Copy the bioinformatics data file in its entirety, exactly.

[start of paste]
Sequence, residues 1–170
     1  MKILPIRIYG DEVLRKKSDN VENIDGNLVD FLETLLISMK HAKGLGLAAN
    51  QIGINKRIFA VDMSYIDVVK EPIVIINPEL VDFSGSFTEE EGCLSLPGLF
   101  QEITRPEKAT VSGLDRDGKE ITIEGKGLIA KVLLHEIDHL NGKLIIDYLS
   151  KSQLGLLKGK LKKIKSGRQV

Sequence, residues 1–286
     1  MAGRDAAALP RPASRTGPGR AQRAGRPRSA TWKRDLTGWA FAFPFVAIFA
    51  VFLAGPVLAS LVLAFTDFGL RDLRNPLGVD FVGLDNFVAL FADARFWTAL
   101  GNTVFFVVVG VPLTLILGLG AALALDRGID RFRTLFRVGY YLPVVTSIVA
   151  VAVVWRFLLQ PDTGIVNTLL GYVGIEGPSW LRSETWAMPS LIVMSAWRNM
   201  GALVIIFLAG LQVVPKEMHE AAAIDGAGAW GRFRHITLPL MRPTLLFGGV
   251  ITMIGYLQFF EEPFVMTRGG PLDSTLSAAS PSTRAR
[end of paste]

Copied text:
Sequence, residues 1–170
     1  MKILPIRIYG DEVLRKKSDN VENIDGNLVD FLETLLISMK HAKGLGLAAN
    51  QIGINKRIFA VDMSYIDVVK EPIVIINPEL VDFSGSFTEE EGCLSLPGLF
   101  QEITRPEKAT VSGLDRDGKE ITIEGKGLIA KVLLHEIDHL NGKLIIDYLS
   151  KSQLGLLKGK LKKIKSGRQV

Sequence, residues 1–286
     1  MAGRDAAALP RPASRTGPGR AQRAGRPRSA TWKRDLTGWA FAFPFVAIFA
    51  VFLAGPVLAS LVLAFTDFGL RDLRNPLGVD FVGLDNFVAL FADARFWTAL
   101  GNTVFFVVVG VPLTLILGLG AALALDRGID RFRTLFRVGY YLPVVTSIVA
   151  VAVVWRFLLQ PDTGIVNTLL GYVGIEGPSW LRSETWAMPS LIVMSAWRNM
   201  GALVIIFLAG LQVVPKEMHE AAAIDGAGAW GRFRHITLPL MRPTLLFGGV
   251  ITMIGYLQFF EEPFVMTRGG PLDSTLSAAS PSTRAR